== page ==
3 months, 2 weeks ago from nytimes.com
"League of Denial" to run on PBS
From from nytimes.com:Pressure from the National Football League led to ESPN’s decision on Thursday to pull out of an investigative project with “Frontline” regarding head injuries in the N.F.L., according to two people with direct knowledge of the situation.ESPN, which is owned by the Walt Disney Company, pays the N.F.L. more than $1 billion a year to broadcast “Monday Night Football,” a ratings juggernaut and cherished source of revenue for Disney.
“Frontline,” the PBS public affairs series, and ESPN had been working for 15 months on a two-part documentary, to be televised in October. But ESPN’s role came under intense pressure by the league, the two people said, after a trailer for the documentary was released Aug. 6, the day that the project was discussed at a Television Critics Association event in Beverly Hills, Calif.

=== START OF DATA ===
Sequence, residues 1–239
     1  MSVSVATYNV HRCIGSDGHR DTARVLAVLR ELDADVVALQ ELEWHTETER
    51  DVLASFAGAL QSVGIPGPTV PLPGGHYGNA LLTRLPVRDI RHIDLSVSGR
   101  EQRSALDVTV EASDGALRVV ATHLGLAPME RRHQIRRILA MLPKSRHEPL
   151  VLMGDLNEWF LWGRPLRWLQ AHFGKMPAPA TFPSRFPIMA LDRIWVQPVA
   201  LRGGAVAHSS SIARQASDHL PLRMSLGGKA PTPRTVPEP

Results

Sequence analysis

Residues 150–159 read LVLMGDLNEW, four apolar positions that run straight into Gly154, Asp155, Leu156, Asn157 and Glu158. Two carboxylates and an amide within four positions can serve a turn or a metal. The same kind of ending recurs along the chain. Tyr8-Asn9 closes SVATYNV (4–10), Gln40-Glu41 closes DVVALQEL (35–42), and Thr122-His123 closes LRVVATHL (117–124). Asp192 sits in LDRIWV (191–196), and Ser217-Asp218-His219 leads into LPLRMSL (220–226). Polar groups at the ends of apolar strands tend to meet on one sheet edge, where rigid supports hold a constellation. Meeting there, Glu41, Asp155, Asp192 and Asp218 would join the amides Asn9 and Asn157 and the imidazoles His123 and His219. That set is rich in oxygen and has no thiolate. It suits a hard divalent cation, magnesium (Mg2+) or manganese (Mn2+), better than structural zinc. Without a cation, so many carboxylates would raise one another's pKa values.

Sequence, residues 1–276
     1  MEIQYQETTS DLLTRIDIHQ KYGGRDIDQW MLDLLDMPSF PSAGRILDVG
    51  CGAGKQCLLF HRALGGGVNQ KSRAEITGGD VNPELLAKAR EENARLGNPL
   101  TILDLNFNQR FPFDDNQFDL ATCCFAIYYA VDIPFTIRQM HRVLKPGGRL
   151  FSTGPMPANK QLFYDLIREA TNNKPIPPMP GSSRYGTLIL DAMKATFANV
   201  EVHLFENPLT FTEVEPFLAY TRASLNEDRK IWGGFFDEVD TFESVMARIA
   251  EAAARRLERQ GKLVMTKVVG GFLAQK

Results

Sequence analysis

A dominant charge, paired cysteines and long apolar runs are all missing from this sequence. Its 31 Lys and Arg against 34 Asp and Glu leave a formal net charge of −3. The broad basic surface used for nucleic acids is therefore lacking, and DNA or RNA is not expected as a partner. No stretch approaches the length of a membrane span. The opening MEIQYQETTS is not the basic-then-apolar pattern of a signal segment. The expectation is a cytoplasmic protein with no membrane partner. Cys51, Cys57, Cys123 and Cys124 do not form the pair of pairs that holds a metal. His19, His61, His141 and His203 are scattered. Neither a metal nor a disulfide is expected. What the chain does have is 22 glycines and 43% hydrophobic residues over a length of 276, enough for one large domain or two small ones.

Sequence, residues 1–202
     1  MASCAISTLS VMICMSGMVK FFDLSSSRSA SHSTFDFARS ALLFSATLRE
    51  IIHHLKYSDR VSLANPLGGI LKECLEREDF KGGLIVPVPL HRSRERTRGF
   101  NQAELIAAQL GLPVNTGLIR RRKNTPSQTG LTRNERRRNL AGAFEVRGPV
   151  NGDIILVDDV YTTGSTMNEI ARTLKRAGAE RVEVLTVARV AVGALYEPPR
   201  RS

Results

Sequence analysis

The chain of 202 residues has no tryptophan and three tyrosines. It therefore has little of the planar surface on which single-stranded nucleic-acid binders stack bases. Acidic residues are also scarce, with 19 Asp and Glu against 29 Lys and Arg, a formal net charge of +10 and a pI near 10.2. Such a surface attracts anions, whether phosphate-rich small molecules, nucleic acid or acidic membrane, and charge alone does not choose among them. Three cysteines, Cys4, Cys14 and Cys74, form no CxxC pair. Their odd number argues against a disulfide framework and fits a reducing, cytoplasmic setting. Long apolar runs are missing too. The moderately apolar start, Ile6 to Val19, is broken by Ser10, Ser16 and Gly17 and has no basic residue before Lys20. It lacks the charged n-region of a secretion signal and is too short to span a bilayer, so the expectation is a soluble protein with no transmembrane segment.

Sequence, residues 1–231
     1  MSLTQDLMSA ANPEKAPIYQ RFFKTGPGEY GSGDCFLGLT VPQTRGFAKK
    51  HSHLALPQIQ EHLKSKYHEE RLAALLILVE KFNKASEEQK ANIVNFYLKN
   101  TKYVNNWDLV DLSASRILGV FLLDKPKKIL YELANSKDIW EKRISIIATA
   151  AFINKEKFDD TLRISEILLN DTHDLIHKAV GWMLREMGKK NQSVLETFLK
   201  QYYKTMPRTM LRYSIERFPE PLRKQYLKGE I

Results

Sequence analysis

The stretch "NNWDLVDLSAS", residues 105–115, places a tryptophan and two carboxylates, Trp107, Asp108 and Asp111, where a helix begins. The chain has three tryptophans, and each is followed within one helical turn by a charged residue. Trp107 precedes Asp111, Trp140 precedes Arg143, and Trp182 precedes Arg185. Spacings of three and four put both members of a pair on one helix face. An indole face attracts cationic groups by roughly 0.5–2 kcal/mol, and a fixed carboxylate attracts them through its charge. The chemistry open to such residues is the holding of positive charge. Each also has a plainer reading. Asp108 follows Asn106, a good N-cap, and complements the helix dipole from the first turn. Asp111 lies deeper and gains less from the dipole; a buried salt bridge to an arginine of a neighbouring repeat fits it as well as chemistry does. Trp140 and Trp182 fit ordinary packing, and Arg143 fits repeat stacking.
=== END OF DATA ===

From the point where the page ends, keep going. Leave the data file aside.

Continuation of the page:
Last week, several high-ranking officials convened a lunch meeting at Patroon, near the league’s Midtown Manhattan headquarters, according to the two people, who requested anonymity because they were prohibited by their superiors from discussing the matter publicly. It was a table for four: Roger Goodell, commissioner of the N.F.L.; Steve Bornstein, president of the NFL Network; ESPN’s president, John Skipper; and John Wildhack, ESPN’s executive vice president for production.
At the combative meeting, the people said, league officials conveyed their displeasure with the direction of the documentary, which is expected to describe a narrative that has been captured in various news reports over the past decade: the league turning a blind eye to evidence that players were sustaining brain trauma on the field that could lead to profound, long-term cognitive disability.
Greg Aiello, a spokesman for the N.F.L., said the league had no involvement in ESPN’s decision.
Chris LaPlaca, an ESPN spokesman, said Thursday that ESPN’s decision was not based on any concerns about hurting its contractual relationship with the N.F.L. Rather, the network said in a statement, it was ending its official association with “Frontline” because it did not have editorial control of what appeared on the public television public affairs series.